Thermophilia (from ancient Greek θερμός thermós “warm” and φίλος phílos “loving”) is the property of living beings , especially microorganisms , to prefer high temperatures (45–80 ° C). Living things with this property are called thermophilic . If the preferred temperature range is above 80 ° C, then we speak of hyperthermophilic organisms.
Thermophilic organisms are found in particular among the archaea and (less often) among the bacteria . Their proteins are thermally stable and denature more slowly. For some archaea, the optimal living conditions are far above 70 ° C; they mainly live in hot springs and geysers . Some thermophilic bacteria and fungi (e.g. Chaetomium thermophilum ) prefer to colonize compost heaps , inside of which the temperature has risen to over 45 ° C due to rotting processes.
In the deep sea, in areas with volcanic activity - especially on mid-ocean ridges - there are ecosystems in which the water temperatures even exceed 100 ° C due to heating by rising magma and the high hydrostatic pressure, but which nevertheless contain a rich biocenosis . The current front runners among the hyperthermophilic microorganisms are the Archaea Strain 121 , which doubles its population every 24 hours at 121 ° C (discovered in 2003 on a black smoker in the Juan de Fuca ridge ), and the Archaea Methanopyrus kandleri , which also can grow at 122 ° C (discovered in 1991 on a black smoker in the Gulf of California ). This replaces the previous record holder Pyrolobus fumarii , which is able to grow up to a maximum of 113 ° C. The worm Alvinella pompejana also lives in the chimneys of black smokers, tolerating temperatures of up to 80 ° C in its habitat and thus holding the record among thermophilic eukaryotes .
Maximum temperature for living things
It is assumed that the absolute upper limit for life of any kind is around 150 ° C, since at higher temperatures the DNA (the carrier of genetic information) disintegrates through hydrolysis at such a rapid rate that any currently known DNA repair system would be overwhelmed. Tardigrades are able to survive temperatures of up to 151 ° C under certain conditions and with a certain probability and thus provisionally confirm this limit range. Nevertheless, nobody can rule out the existence of so-called ultrathermophilic organisms with absolute certainty . These currently still hypothetical living beings could have developed mechanisms by which they survive at even higher temperatures, such as those found in e.g. B. found in some hot water springs near which colonies of Pyrolobus fumarii exist; temperatures of up to 350 ° C were measured there.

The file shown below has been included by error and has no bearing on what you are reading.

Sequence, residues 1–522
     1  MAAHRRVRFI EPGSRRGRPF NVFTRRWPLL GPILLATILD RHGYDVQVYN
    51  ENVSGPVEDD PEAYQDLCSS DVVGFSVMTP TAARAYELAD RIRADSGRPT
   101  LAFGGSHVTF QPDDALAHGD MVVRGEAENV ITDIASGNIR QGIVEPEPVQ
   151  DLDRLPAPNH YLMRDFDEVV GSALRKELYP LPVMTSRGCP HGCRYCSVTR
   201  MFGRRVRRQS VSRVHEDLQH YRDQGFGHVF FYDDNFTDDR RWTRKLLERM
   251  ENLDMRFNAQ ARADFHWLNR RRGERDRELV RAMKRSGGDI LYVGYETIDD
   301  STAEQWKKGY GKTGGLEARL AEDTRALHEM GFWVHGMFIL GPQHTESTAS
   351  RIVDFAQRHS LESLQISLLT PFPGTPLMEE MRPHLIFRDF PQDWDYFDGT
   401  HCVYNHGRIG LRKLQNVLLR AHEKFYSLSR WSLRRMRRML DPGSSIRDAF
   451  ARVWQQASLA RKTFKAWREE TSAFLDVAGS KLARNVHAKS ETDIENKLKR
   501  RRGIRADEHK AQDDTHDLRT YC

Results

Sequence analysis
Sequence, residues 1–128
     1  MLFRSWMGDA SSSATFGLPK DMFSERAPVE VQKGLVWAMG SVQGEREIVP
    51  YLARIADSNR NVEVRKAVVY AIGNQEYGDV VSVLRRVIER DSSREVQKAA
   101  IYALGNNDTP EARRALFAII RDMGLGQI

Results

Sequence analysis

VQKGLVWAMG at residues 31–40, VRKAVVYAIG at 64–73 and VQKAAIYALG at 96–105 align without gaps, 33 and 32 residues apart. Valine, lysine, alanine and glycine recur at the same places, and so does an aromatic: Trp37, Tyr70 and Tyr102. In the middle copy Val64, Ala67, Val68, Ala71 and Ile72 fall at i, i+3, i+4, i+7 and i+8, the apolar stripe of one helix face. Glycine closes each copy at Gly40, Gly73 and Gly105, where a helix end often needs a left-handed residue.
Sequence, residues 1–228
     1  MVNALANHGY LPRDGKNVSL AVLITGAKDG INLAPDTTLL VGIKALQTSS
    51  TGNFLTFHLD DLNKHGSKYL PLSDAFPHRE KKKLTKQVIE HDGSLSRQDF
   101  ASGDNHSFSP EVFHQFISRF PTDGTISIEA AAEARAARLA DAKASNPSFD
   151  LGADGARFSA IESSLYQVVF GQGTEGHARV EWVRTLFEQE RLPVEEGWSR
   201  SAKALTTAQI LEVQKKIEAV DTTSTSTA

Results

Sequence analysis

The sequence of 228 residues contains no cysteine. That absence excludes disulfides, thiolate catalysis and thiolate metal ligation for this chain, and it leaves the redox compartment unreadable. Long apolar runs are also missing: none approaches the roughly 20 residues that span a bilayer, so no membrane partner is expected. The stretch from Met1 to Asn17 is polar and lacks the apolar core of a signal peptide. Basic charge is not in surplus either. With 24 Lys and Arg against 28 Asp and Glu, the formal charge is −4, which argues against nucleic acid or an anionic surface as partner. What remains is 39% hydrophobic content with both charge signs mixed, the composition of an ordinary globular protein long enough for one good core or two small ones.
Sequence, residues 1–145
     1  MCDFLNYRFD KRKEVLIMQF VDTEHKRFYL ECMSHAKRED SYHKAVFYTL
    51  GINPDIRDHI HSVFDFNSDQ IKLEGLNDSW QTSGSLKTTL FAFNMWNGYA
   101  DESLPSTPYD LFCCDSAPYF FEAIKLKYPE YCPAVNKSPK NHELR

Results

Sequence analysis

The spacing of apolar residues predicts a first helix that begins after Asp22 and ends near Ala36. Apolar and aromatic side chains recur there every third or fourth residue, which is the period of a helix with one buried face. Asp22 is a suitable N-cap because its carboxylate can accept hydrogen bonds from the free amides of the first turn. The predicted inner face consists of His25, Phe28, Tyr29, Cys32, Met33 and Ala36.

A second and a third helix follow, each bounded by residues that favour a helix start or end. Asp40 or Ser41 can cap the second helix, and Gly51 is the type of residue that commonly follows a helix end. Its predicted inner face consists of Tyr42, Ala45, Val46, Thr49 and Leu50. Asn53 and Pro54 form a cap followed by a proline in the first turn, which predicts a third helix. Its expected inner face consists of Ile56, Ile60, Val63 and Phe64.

In technical microbiology ( biotechnology ), bacterial processes run under thermophilic conditions when they take place at over 50 ° C. If the temperatures are lower, one speaks of mesophilic conditions (30–40 ° C) or psychrophilic conditions (below 20 ° C). Both fermentation and composting can be carried out under thermophilic conditions.
Many enzymes of thermophilic bacteria are used today in various technical processes, e.g. B. proteases or lipases in detergents . A thermostable DNA polymerase is used in the polymerase chain reaction (PCR).
- Wilhelm Gemoll: Greek-German school and hand dictionary. Munich / Vienna 1965.
- Lovley, D. & Kashefi, K. (2003): Extending the upper temperature limit for life. In: Science . Vol. 301, pp. 934-524. PMID 12920290 PDF ( page no longer available , search in web archives ) Info: The link was automatically marked as defective. Please check the link according to the instructions and then remove this notice. .
- Unboilable bug points to hotter origin of life guardian.co.uk, August 15, 2003; Strain 121 en.wikipedia, accessed December 1, 2010.
- Cowen, DA (2004): The upper temperature of life - where do we draw the line? In: Trends Microbiol. Vol. 12, pp. 58-60. PMID 15040324 .